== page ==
As a landlord, you have certain rights you can use to protect your property even when someone is renting it from you. However, your tenants also have their own rights to protect them from any malicious or negligent landlords. These rights can leave you in a scenario where you are out of your property or money if you aren’t prepared.
The rental industry is always about being prepared in tough scenarios. Make sure you understand these rights tenants have in Pennsylvania so you’re prepared for any situation.
When searching for an apartment, citizens of Pennsylvania are ensured that they can’t be discriminated against for various protected statuses they might fall under. This is due to the Fair Housing Act, an act helping tenants since it was first enacted in 1968. Statuses that fall under the Fair Housing Act include color, disability, race, religion, sex, national origin, and more. Pennsylvania is also unique in that you’re not allowed to discriminate based on age as well.
However, this hasn’t stopped all tenants from being discriminated against. In 2017, it was found that over 25,000 different people complained that year over being discriminated against when trying to find housing. Ensure that you fully understand this law as a landlord so you don’t end up getting sued down the road.
A landlord may know that they can’t discriminate against any applicants due to their protected statuses, but a landlord might try to persuade some people to not apply for their housing due to certain provisions they might have in their marketing. The Fair Housing Act was written in a way that ensures that any protected statuses must be maintained within marketing standards. For this reason, you must ensure that you aren’t using any terms in your apartment marketing that would make a tenant believe that you are discriminating against them.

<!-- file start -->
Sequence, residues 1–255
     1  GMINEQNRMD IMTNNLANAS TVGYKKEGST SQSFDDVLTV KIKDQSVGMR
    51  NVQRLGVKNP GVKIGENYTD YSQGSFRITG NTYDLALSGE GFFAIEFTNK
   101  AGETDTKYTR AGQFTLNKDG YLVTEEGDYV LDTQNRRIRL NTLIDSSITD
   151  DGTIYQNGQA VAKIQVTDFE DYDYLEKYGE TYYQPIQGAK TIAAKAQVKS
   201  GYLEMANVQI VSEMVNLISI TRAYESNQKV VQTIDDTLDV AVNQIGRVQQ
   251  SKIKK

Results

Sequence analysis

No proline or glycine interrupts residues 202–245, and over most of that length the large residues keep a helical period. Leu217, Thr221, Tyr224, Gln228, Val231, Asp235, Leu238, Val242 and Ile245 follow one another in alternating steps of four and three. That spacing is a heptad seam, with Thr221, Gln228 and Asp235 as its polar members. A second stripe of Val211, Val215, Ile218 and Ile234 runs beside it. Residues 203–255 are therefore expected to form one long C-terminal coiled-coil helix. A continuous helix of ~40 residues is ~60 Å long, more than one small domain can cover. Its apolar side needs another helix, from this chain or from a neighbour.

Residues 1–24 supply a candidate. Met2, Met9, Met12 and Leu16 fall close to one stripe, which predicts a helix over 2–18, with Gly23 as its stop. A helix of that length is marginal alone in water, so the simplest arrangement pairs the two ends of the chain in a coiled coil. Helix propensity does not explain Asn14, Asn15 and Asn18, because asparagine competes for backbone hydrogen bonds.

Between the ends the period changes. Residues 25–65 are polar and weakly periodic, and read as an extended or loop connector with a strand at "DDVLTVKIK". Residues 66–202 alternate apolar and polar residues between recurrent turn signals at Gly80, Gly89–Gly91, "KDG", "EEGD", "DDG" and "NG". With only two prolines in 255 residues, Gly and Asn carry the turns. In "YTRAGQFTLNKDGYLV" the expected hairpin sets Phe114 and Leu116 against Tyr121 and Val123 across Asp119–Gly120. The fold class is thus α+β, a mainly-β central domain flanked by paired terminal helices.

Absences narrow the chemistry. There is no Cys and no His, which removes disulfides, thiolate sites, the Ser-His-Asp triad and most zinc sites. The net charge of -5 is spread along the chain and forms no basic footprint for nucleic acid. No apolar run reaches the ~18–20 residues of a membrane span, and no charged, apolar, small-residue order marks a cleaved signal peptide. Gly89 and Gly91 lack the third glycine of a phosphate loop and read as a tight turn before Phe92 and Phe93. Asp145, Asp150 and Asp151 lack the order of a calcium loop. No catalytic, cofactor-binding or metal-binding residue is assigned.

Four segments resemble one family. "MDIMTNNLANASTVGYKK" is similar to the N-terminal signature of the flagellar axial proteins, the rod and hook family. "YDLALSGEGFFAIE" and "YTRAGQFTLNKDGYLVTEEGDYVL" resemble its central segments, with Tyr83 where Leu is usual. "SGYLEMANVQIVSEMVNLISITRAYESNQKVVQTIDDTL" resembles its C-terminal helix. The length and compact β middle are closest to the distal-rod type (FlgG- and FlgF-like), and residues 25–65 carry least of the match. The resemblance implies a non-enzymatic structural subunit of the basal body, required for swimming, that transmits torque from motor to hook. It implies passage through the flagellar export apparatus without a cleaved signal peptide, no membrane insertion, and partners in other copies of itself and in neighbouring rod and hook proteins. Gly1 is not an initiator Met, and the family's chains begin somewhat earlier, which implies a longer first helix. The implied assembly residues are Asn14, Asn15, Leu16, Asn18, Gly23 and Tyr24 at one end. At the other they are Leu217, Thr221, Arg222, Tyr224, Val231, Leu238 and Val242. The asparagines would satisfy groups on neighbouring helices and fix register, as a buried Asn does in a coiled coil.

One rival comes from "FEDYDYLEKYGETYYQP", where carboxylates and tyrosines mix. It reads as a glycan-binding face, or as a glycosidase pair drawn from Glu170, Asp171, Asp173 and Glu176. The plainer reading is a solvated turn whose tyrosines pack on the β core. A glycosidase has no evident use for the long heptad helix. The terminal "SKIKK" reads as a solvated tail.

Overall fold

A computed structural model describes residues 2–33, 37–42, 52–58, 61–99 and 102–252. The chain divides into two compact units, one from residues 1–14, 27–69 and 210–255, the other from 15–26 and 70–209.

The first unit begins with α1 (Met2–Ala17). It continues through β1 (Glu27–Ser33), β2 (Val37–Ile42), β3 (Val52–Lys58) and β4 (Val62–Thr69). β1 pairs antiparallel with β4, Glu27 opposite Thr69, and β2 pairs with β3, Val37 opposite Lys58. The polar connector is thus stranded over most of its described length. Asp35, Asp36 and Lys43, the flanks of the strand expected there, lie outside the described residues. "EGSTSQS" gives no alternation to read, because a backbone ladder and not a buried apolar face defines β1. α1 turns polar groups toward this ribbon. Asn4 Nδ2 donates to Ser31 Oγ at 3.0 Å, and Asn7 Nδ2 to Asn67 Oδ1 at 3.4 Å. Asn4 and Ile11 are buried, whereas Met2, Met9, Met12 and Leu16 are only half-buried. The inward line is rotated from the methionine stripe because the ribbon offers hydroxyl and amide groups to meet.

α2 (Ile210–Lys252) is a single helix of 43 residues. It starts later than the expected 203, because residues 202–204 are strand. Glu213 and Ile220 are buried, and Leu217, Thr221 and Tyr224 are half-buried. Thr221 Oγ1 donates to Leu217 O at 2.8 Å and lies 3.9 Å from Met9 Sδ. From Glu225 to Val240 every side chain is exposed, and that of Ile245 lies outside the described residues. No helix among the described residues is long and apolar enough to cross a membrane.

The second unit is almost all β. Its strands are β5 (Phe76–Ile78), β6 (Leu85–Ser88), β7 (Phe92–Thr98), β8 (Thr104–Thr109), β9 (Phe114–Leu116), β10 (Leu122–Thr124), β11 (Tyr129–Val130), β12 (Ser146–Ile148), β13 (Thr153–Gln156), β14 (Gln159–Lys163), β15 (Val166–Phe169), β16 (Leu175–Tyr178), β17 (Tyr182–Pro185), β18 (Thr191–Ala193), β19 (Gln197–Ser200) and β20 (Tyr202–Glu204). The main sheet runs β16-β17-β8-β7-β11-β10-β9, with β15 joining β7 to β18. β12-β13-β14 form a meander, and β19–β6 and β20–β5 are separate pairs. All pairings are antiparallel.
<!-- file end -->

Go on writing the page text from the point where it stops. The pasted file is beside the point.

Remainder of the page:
Commonly, a landlord will run the credit of any potential tenant to ensure that they are likely to keep up with regular payments. This process is fine, but it’s not fine for a landlord to run the credit of any potential tenant without having their permission to do so. This isn’t just a common courtesy but something also required by the Fair Credit Reporting Act. Landlords must understand proper protocols for taking adverse actions once they are done running a tenant’s credit.
An adverse action is something that modifies a potential lease agreement based on what was found in a credit report. These actions include requiring someone to co-sign, turning them down altogether, increasing the price, and much more. You can take these actions if you are fully explaining to a tenant what actions you are taking and why you are doing so beforehand. Make sure you understand how credit factors into the rights a tenant has in Pennsylvania.